You need to consider your feelings towards each age group. You can become a clinical instructor in any of the units though I would say more likely so from Adult icu or picu.
Having worked in both NICU and Peds CICU I can think of a few things to consider.
How are you with families? Family members are going to be a much bigger presence in peds & nicu, there is a lot of teaching them and a lot of learning from them. They are another member of the childs care team and we must work together to have the best outcome for the child.
Are you good with kids? Silly question maybe but this is an important part of working in a PICU, you have to be able to identify with all age groups, neonates, toddlers to teenagers and if its a cardiac unit then even adults with congenital heart issues. You have to be a little silly, willing to do an assessment on the floor and sometimes chart with a toddler on your lap (yes, even in the ICU). More so you need to understand developmental levels and how to approach painful/difficult tasks with each age group.
What's your patience like? Even in a level 3c NICU you will spend days trying to encourage an old preemie to eat, it's time consuming, frustrating and actually takes quite a bit of skill.
And then there's your own personal beliefs and ethical issues to consider. Every ICU has ethical issues. In the adult world it's the 92 year old with breast cancer and mets to every organ in the body but family refuses a DNR, in peds its the child abused right to the brink of brain death by moms boyfriend, mom won't press charges or leave said boyfriend and wants everything done for said child who, if he survives, will never walk/talk/see/hear again. In the NICU its saving the smaller and smaller babies. The "23" weekers who by the time they've been resuscitated really appear more like 22 or even less and now parents want everything done to keep essentially what was trying to be a miscarriage, alive.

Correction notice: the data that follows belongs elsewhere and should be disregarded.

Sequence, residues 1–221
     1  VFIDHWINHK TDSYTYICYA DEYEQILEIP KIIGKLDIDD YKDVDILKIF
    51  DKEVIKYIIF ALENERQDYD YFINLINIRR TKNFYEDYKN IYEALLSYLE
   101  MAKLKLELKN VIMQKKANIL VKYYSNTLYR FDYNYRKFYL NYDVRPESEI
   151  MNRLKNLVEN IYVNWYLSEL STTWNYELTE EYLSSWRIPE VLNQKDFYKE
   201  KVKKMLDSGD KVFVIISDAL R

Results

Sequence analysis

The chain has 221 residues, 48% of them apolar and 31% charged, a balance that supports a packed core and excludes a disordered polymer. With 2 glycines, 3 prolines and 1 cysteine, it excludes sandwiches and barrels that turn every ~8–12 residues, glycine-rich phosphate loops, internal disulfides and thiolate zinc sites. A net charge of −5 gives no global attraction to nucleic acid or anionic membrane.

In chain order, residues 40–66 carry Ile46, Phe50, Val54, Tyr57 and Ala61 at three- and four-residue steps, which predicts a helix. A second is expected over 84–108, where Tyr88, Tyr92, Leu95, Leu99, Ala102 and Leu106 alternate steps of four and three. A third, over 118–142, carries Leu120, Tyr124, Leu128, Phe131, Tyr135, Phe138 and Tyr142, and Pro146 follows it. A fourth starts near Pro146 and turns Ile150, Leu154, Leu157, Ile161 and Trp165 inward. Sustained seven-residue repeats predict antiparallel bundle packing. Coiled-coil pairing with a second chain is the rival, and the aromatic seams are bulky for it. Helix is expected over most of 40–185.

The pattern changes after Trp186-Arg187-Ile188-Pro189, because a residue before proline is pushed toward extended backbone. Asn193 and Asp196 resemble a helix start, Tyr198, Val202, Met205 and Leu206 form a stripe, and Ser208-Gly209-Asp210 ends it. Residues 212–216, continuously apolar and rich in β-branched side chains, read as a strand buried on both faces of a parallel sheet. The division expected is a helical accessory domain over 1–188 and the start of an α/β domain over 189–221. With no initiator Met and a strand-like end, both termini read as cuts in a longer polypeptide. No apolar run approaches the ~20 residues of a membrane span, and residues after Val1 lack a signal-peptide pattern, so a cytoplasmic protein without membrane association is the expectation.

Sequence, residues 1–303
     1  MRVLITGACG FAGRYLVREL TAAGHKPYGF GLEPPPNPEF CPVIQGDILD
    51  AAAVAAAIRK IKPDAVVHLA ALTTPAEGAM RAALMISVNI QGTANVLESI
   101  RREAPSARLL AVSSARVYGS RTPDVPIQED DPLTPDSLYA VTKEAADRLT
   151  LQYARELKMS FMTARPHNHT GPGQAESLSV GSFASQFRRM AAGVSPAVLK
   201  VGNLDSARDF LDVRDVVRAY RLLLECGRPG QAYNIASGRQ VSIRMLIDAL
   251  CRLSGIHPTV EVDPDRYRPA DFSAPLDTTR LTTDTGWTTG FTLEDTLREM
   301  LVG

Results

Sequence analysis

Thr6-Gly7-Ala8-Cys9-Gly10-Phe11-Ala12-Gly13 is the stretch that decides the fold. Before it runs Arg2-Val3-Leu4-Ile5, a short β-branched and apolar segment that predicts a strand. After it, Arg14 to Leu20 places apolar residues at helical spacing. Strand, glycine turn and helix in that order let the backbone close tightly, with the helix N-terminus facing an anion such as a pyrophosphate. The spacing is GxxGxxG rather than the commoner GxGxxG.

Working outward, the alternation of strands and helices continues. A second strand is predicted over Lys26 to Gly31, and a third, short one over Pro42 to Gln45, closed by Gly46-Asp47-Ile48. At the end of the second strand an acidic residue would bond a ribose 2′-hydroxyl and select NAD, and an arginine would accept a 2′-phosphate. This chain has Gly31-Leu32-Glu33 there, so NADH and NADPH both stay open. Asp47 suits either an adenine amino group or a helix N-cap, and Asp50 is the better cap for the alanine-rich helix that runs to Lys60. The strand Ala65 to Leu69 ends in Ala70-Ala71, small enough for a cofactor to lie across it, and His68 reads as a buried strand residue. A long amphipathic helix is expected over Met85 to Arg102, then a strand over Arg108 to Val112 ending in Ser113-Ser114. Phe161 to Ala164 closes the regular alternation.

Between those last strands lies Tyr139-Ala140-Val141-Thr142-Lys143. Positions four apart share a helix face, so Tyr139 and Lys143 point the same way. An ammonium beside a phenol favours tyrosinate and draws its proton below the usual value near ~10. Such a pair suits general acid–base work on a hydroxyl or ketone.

Now picture yourself someday doing chest compressions, because in an ICU it will happen, what is the age of the person you are working on and does it seem like something you can handle? For me I could never do compressions on that 92 year old and feel ok about it. Sometimes I still don't feel ok about it with the kiddos, but when we have a good outcome, and many of them are, I feel satisfied that I've helped that child potentially have a meaningful life.
Don't go after something because of what you think you might want to do someday because that can always change once you've spent time being a nurse. Think about the present and what appeals to you right now. Also what is available to you. It's much easier to move around in nursing after getting that initial experience and you may find what you thought you wanted to be completely different in a few years.
llg is also right in saying that there are few ICU focused clinicals to teach. I do have a friend of mine though who works in the peds cardiac icu and she teaches a clinical elsewhere in our children's hospital, but she's in school to be a peds NP therefore has done her own work and additional clinicals outside of the ICU setting